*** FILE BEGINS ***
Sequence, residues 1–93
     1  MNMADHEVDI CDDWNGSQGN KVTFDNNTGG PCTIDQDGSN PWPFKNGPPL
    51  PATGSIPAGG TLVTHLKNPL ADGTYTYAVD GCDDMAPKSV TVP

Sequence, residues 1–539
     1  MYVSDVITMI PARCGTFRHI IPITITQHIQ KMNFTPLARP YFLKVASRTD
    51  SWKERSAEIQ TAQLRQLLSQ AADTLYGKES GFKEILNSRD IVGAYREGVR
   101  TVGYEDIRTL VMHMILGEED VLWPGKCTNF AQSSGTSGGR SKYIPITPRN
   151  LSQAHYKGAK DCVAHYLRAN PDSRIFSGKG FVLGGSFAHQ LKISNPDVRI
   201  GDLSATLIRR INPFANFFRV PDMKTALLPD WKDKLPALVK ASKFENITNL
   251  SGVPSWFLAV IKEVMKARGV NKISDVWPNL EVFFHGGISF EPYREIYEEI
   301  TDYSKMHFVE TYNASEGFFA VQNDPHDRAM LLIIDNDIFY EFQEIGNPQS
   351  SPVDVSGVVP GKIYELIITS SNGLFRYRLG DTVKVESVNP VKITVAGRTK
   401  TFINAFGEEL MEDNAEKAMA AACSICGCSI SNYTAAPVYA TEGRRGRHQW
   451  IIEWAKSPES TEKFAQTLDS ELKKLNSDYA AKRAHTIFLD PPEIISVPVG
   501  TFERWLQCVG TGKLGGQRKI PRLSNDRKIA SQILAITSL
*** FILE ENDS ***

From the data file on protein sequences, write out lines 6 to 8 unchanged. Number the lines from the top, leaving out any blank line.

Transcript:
    51  SWKERSAEIQ TAQLRQLLSQ AADTLYGKES GFKEILNSRD IVGAYREGVR
   101  TVGYEDIRTL VMHMILGEED VLWPGKCTNF AQSSGTSGGR SKYIPITPRN
   151  LSQAHYKGAK DCVAHYLRAN PDSRIFSGKG FVLGGSFAHQ LKISNPDVRI